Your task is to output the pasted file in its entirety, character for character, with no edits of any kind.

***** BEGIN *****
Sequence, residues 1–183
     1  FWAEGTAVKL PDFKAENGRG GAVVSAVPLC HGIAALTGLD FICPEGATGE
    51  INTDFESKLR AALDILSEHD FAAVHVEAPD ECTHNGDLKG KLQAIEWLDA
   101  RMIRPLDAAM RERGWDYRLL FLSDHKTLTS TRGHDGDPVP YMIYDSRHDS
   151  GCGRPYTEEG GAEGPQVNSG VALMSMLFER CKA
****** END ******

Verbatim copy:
Sequence, residues 1–183
     1  FWAEGTAVKL PDFKAENGRG GAVVSAVPLC HGIAALTGLD FICPEGATGE
    51  INTDFESKLR AALDILSEHD FAAVHVEAPD ECTHNGDLKG KLQAIEWLDA
   101  RMIRPLDAAM RERGWDYRLL FLSDHKTLTS TRGHDGDPVP YMIYDSRHDS
   151  GCGRPYTEEG GAEGPQVNSG VALMSMLFER CKA